(NEXSTAR) — Neil Young’s music is coming off of Spotify after the singer penned an open letter saying the streaming service could have Joe Rogan’s podcast or his music, “not both.”
On Monday, Young posted the letter to his website. While it has since been deleted, Rolling Stone reports Young called on his management team and record label to remove his songs and albums from the streaming service.
Young wrote, “Spotify is spreading fake information about vaccines – potentially causing death to those who believe the disinformation being spread by them.” He added that Spotify can have “[Joe] Rogan or Young. Not both,” Rolling Stone reports.
As of 3:30 p.m. ET Wednesday, Young’s music can still be found on Spotify. According to the streaming service, the “Heart of Gold” singer attracts more than 6 million monthly listeners.
Rogan’s podcast, “The Joe Rogan Experience,” was the most listened to in the U.S. and worldwide in 2021.
Recently, 270 health care professionals signed an open letter to Spotify calling for the service to take action against the misinformation being shared on “The Joe Rogan Experience” podcast.
“By allowing the propagation of false and societally harmful assertions, Spotify is enabling its hosted media to damage public trust in scientific research and sow doubt in the credibility of data-driven guidance offered by medical professionals,” the letter stated.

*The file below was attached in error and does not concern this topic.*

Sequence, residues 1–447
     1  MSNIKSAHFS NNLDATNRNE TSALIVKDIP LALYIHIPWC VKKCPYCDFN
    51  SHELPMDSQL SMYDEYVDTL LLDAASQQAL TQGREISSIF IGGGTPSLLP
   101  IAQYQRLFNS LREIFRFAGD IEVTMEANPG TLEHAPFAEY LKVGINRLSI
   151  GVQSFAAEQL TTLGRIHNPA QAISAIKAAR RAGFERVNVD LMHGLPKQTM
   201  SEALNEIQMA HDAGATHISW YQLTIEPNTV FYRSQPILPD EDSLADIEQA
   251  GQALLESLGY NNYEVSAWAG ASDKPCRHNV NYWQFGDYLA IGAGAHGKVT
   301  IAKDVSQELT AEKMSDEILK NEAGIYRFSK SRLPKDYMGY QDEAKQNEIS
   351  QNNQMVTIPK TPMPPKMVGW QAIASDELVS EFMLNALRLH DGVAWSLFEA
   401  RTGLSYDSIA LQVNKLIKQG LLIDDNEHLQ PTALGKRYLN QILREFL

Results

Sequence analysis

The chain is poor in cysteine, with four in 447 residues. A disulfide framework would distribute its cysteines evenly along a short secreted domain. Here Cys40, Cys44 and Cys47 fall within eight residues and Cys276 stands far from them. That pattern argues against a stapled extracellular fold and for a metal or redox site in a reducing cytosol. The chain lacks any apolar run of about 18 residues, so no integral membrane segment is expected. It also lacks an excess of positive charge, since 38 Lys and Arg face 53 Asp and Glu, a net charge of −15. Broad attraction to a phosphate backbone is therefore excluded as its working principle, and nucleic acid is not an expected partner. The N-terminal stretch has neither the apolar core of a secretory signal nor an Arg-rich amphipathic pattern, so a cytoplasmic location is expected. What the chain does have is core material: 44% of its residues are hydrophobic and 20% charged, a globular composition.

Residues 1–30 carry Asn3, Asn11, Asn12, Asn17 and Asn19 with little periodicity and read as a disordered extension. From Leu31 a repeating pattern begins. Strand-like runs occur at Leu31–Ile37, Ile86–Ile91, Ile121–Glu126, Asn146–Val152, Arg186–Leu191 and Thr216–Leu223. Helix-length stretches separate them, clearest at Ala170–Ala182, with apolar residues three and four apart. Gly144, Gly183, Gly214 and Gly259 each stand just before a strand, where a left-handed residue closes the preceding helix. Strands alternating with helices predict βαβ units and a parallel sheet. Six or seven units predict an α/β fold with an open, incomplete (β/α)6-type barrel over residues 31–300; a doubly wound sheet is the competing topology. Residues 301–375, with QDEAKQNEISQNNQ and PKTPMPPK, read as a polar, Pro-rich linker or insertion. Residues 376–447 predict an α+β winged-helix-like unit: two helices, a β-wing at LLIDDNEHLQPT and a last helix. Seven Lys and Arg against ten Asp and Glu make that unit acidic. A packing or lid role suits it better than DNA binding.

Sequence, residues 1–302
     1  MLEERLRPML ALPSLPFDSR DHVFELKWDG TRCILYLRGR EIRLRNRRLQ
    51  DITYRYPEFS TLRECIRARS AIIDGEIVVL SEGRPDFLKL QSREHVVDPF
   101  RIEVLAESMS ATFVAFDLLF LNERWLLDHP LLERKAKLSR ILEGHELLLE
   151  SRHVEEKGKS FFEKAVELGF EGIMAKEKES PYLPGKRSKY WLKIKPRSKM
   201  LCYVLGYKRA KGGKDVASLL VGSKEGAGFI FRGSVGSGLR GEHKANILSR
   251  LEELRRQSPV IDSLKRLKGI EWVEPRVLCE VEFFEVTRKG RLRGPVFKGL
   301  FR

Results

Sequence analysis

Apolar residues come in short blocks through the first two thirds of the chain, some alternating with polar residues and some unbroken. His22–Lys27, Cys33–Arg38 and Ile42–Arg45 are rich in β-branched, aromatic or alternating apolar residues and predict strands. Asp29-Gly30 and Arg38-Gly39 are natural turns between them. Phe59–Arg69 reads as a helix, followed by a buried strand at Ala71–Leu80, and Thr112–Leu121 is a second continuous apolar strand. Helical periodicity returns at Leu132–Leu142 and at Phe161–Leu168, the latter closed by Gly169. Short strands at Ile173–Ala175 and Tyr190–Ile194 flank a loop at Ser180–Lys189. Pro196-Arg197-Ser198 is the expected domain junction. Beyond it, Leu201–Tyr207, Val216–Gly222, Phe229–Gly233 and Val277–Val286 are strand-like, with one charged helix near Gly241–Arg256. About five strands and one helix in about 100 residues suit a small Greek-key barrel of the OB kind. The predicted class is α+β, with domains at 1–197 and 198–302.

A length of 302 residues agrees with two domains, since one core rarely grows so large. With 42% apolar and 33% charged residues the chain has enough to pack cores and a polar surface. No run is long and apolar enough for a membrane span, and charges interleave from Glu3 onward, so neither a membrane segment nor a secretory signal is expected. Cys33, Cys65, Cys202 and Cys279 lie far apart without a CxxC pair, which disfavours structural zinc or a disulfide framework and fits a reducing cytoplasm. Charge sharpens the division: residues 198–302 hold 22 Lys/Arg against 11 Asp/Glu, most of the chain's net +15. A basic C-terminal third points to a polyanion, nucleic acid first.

Health care professionals highlighted an episode featuring virologist Robert Malone, who they say promotes misinformation about COVID-19. This episode has been heavily criticized by many experts for remarks regarding the pandemic and how the coronavirus impacts people, especially those who are younger, The Hill reports.
One of the doctors who signed the letter, Dr. Katrine Wallace, an epidemiologist at the University of Illinois Chicago School of Public Health, told “On Balance” that they were not calling for censorship or removal of the podcast. Instead, they want Spotify to create a policy on how to moderate misinformation.
Young’s label — Warner Records — and Spotify did not immediately respond to Nexstar’s requests for comment.